Yasmine de Bray argues it is crucial that active investors monitor companies' commitment to diversity and hold them to account.
A major phenomenon that has accompanied globalization is the widening of inequality. Between 1980 and 2018, globally, the incomes of the richest 1% of people increased twice as much as that of the poorest 50%. Several studies, including from the Organisation for Economic Co-operation and Development (OECD) and the International Monetary Fund (IMF) show that the rise of inequality worldwide has negative effects on growth.*
With the rise of ESG pressure, investors are becoming conscious of social risks. Populist political agendas and social unrest movements, such as the League in Italy, are driven by several factors, including inequality. Social unrest can have powerful negative consequences for markets, as seen by the impact of the Chilean unrest. Despite their awareness of the issues, investors have historically lacked the investment solutions that effectively address the long-term challenges of inequality.
We see diversity as a key pillar within our thematic fund designed to tackle social inequality. Diversity is a multi-faceted issue, covering age, race, religion, sexual orientation, disability and gender and is often linked to equality.
The most recent Gender Pay Report by the World Economic Forum suggests that, while progress has been made in delivering gender parity (particularly in Western Europe), the economic gap between men and women is actually widening."
The most recent Gender Pay Report by the World Economic Forum suggests that, while progress has been made in delivering gender parity (particularly in Western Europe), the economic gap between men and women is actually widening. This means that, building the investment universe of our social impact fund, and in particular with regard to gender inequality, we decided to consider several factors when scrutinising a company's profile.
First, has a diversity policy been implemented to encourage the recruitment and professional development of both male and female employees at all levels? Without such a policy, it is difficult for companies to begin the process of altering the attitudes of employees to their own learning and development.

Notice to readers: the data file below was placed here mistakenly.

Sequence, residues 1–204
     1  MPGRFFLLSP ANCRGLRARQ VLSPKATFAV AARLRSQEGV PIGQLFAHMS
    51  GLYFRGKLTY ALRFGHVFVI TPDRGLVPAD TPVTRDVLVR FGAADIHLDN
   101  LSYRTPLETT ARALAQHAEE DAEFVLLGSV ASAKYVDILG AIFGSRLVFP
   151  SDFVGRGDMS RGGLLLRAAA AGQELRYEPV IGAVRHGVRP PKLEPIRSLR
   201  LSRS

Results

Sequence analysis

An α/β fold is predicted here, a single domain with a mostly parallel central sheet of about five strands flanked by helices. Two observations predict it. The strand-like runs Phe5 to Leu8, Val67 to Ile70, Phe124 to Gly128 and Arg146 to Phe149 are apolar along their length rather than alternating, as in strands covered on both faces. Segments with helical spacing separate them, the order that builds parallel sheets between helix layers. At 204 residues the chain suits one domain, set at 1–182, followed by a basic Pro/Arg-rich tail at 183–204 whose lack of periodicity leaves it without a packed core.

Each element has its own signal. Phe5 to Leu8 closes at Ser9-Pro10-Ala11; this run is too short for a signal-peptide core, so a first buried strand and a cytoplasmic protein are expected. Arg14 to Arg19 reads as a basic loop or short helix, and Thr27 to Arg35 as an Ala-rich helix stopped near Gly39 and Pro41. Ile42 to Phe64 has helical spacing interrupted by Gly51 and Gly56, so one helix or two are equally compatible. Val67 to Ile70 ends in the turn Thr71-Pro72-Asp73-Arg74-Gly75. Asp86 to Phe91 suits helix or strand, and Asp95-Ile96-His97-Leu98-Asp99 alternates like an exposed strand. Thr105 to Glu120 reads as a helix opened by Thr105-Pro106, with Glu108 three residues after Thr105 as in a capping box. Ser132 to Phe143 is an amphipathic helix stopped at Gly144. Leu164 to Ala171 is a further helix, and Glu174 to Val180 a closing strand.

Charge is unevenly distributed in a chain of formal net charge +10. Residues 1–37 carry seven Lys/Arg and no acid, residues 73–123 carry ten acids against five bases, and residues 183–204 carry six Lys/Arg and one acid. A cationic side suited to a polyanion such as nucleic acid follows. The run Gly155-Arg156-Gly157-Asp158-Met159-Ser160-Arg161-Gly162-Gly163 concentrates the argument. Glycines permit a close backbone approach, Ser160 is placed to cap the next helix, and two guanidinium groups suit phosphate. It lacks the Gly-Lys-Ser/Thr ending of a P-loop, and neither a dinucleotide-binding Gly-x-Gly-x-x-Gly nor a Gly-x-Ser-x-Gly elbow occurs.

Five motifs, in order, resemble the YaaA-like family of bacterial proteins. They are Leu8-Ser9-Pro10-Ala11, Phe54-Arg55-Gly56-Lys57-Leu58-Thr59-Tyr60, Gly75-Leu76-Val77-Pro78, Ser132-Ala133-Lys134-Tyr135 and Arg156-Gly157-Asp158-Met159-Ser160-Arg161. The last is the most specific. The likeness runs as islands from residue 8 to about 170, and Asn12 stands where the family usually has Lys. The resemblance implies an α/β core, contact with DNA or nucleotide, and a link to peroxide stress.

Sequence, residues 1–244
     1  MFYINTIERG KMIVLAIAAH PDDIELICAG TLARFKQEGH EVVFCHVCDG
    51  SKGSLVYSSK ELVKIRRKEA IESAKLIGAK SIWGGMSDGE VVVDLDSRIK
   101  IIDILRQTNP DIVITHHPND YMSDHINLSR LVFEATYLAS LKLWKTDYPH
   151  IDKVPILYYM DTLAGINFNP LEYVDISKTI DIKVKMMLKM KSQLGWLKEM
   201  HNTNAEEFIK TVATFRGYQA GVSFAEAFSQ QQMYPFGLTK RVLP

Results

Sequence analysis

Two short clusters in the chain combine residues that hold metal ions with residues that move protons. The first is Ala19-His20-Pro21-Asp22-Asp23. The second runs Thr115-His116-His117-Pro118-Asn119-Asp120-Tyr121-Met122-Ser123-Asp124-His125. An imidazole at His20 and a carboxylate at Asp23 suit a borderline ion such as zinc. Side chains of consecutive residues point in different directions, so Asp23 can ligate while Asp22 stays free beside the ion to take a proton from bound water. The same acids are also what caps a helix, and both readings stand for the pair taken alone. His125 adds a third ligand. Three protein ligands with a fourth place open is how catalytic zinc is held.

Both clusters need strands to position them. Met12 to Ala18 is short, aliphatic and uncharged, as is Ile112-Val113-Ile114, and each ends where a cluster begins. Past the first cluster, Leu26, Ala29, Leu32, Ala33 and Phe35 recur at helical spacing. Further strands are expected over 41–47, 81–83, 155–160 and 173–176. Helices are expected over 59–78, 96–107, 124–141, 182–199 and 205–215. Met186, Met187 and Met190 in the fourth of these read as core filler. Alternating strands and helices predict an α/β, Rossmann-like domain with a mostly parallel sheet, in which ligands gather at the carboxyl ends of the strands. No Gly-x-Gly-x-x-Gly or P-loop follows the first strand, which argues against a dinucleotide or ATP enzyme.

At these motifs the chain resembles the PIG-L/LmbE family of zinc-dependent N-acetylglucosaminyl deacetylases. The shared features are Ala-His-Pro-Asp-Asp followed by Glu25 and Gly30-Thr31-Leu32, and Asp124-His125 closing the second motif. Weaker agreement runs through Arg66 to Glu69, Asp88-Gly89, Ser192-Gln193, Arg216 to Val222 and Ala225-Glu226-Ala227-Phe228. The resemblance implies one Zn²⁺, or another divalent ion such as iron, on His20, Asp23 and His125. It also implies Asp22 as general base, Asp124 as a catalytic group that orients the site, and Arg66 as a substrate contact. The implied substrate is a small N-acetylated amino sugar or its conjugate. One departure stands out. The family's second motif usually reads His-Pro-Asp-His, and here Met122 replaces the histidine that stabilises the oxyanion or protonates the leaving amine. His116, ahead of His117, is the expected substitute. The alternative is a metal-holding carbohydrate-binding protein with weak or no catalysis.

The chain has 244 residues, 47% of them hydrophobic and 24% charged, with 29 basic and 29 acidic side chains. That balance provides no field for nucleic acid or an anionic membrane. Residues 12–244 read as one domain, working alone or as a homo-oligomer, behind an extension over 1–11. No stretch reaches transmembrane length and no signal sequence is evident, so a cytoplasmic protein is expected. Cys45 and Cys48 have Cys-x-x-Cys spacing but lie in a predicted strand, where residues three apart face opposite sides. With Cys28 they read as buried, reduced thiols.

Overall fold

The second is to use quantitative data sources to identify the percentage of women at management level, on the board and in the executive committee and assess if the company can be classified as "diverse" (with 40-60% of employees being female).
Finally, it is essential to assess the company's gender profile in the context of the country in which it is based. This will help determine whether it is outperforming local peers in a bid to "make a difference" and also if it is adhering to regulatory requirements.
Once the company's gender diversity profile has been established, the first way to enact change is to exclude the worst offenders from the fund's investment universe. In the case of CPR-AM's Invest - Social Impact fund, the worst 10% of companies from the MSCI All Country World Index on the grounds of diversity are excluded. Within the context of the five pillars governing the fund's thematic strategy - Labour & Income, Health & Education, Diversity, Taxation, and Human Rights - 50% of companies on this index do not receive direct equity investment.
As an active investor, it is crucial that the company's commitment to diversity is monitored in order to ensure a company uphold its commitments and is held accountable. Regular and transparent reporting of diversity metrics at a company level are invaluable as they help to improve data quality, standardisation and ensure investors can scrutinise progress.
Investing in businesses that champion diversity and seek to resolve gender inequality will develop more socially aware companies that should prosper, since they will find it easier to attract capital, human talent, consumers and regulatory approval. This will have positive implications for their ability to innovate and grow, and as such for their financial performance. Businesses that do not help to reduce all social inequalities, including that of gender, are likely to face greater regulatory, political and reputational risk and struggle to survive long-term.
Much like the environment, social inequality is a critical issue for the 21st century and investors must integrate this dimension in their decisions or else be left behind. It is too easy to think that we make little difference as individual firms when it comes to allocation of capital but, collectively, we can help to create a gender equal world.
Yasmine de Bray is thematic equities portfolio manager at CPR Asset Management.
* "Trends in income equality and its impact on economic growth", 2014, OECD Social, Employment and Migration working papers / "Inequality overhang", 2017, IMF working paper.